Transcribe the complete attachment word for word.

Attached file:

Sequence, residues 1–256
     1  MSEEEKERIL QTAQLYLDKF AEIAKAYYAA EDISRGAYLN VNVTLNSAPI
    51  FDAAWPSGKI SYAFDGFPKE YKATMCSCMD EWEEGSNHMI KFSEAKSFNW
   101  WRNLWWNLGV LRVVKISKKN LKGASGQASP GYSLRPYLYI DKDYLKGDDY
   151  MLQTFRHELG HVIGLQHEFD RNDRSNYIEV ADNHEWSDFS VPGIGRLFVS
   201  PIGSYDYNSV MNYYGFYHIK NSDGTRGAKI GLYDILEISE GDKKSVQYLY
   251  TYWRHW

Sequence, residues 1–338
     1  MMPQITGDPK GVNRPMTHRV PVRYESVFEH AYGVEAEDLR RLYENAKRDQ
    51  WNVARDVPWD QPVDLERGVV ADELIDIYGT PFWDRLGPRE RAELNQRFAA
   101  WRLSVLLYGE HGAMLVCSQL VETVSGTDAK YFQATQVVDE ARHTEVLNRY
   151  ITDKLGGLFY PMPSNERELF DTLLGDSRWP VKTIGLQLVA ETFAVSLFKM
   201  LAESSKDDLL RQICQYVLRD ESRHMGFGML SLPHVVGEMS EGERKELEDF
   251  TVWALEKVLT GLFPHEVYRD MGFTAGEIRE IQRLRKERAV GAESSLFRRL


Sequence, residues 1–256
     1  MSEEEKERIL QTAQLYLDKF AEIAKAYYAA EDISRGAYLN VNVTLNSAPI
    51  FDAAWPSGKI SYAFDGFPKE YKATMCSCMD EWEEGSNHMI KFSEAKSFNW
   101  WRNLWWNLGV LRVVKISKKN LKGASGQASP GYSLRPYLYI DKDYLKGDDY
   151  MLQTFRHELG HVIGLQHEFD RNDRSNYIEV ADNHEWSDFS VPGIGRLFVS
   201  PIGSYDYNSV MNYYGFYHIK NSDGTRGAKI GLYDILEISE GDKKSVQYLY
   251  TYWRHW

Sequence, residues 1–338
     1  MMPQITGDPK GVNRPMTHRV PVRYESVFEH AYGVEAEDLR RLYENAKRDQ
    51  WNVARDVPWD QPVDLERGVV ADELIDIYGT PFWDRLGPRE RAELNQRFAA
   101  WRLSVLLYGE HGAMLVCSQL VETVSGTDAK YFQATQVVDE ARHTEVLNRY
   151  ITDKLGGLFY PMPSNERELF DTLLGDSRWP VKTIGLQLVA ETFAVSLFKM
   201  LAESSKDDLL RQICQYVLRD ESRHMGFGML SLPHVVGEMS EGERKELEDF
   251  TVWALEKVLT GLFPHEVYRD MGFTAGEIRE IQRLRKERAV GAESSLFRRL